When Han and Leia Solo arrive at Lando Calrissian’s Outer Rim mining operation to help him thwart a hostile takeover, their aim is just to even up the odds and lay down the law. Then monstrous aliens arrive with a message, and mere threats escalate into violent sabotage with mass fatalities. When the dust settles, what began as corporate warfare becomes a battle with much higher stakes–and far deadlier consequences.
Now Han, Leia, and Luke team up once again in a quest to defeat a dangerous adversary bent on galaxy-wide domination. Only this time, the Empire is not the enemy. It is a pair of ruthless geniuses with a lethal ally and a lifelong vendetta against Han Solo. And when the murderous duo gets the drop on Han, he finds himself outgunned in the fight of his life. To save him, and the galaxy, Luke and Leia must brave a gauntlet of treachery, terrorism, and the untold power of an enigmatic artifact capable of bending space, time, and even the Force itself into an apocalyptic nightmare.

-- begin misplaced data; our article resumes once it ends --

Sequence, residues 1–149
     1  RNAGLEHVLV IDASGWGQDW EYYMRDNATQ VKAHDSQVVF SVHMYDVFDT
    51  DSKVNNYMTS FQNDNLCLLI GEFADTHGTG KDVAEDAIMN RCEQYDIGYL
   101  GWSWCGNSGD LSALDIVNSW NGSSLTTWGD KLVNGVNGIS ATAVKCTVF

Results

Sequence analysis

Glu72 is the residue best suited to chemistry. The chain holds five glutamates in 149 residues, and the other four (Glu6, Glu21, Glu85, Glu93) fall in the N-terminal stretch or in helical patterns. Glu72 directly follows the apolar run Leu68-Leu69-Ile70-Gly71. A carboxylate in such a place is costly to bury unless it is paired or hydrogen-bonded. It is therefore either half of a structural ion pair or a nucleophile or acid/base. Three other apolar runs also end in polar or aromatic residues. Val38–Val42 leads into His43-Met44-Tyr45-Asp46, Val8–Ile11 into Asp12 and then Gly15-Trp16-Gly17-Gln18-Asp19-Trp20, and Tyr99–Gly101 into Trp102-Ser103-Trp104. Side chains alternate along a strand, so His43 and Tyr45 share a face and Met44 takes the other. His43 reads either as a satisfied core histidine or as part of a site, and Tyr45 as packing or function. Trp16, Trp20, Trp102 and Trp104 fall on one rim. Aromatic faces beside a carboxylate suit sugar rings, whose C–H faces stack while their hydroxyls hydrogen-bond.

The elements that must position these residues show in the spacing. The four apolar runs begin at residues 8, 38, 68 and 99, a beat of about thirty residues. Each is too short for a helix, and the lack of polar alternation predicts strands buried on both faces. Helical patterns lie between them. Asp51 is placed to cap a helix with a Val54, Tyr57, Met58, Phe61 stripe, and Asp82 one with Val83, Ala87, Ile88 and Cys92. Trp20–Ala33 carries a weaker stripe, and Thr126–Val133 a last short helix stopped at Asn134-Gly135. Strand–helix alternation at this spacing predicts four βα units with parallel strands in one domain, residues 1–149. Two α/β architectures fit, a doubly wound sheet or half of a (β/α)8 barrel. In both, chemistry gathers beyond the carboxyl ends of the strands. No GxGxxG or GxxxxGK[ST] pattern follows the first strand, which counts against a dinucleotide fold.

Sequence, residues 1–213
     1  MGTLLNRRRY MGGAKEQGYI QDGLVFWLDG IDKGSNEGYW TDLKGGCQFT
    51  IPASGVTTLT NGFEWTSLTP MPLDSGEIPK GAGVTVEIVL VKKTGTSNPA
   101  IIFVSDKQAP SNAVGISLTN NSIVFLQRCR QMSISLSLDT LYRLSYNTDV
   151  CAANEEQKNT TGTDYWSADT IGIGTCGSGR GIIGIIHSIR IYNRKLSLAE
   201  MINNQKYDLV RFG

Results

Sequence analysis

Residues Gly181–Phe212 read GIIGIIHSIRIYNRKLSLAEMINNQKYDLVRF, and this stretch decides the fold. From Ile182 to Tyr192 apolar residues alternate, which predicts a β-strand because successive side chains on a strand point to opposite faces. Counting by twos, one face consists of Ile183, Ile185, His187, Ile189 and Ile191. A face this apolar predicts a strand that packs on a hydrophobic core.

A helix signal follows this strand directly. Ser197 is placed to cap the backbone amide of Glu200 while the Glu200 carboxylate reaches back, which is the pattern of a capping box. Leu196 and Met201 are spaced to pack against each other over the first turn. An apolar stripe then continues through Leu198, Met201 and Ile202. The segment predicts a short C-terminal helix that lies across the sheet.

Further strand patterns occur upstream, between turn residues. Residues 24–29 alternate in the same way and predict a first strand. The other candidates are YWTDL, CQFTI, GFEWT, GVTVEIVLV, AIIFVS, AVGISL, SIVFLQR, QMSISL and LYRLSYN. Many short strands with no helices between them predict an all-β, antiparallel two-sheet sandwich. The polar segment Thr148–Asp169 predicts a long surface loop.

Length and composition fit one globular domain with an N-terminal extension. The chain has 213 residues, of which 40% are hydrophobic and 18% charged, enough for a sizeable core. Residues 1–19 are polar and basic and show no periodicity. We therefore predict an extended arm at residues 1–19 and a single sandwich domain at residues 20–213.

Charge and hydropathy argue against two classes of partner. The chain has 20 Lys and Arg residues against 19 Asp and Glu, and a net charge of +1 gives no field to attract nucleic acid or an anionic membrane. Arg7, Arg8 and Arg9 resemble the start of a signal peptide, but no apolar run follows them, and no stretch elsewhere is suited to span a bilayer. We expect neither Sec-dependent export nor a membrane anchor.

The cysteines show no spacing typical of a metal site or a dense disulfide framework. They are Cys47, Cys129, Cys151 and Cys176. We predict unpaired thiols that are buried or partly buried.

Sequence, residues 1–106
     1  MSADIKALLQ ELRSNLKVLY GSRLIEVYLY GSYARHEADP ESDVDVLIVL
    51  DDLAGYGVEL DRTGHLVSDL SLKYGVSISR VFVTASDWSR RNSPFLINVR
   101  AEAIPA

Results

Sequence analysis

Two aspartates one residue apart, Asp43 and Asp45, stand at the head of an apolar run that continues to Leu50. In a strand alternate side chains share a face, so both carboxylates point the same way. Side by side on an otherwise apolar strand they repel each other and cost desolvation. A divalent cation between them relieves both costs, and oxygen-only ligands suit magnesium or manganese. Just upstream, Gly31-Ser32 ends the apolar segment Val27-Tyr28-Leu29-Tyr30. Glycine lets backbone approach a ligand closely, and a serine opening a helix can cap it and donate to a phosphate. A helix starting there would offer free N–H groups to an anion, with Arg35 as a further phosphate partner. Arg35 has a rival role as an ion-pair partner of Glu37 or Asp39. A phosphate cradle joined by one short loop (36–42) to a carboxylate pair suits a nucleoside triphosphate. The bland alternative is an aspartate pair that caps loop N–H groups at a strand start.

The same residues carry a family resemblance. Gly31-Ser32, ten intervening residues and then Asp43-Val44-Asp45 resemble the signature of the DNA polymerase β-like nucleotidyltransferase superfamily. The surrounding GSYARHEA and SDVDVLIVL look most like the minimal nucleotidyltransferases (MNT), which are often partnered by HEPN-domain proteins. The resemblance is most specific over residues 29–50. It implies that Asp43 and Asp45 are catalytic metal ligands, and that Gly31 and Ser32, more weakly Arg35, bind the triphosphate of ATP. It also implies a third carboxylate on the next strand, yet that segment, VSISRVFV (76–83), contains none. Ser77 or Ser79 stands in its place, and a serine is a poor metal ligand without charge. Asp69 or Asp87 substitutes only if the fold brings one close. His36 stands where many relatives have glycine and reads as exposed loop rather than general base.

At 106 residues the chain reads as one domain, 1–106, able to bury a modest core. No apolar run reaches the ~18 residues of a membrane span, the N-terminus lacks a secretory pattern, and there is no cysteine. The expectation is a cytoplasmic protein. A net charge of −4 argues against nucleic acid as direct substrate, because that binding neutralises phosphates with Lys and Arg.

I have praised George Lucas often because I think he’s a great filmmaker. He is too liberal for me, but I respect him greatly. He does have a black wife, which I don’t think is a big deal and he supports Obama. I gave high praise for his film Red Tails because it was an important story that needed to be told. When he sold Star Wars to Disney he did it because he was 70 and wanted to retire—but he had a massive company with over 2000 employees. It would have been better for Star Wars if Lucas would have just maintained control of his property, but then he couldn’t just let his employees rot—at least in his mind. So he sold Star Wars to a corporation he thought might preserve it, and washed his hands of the responsibility of being a major employer. I can understand all that. I thought it was a good move so long as Disney respected what George Lucas had built.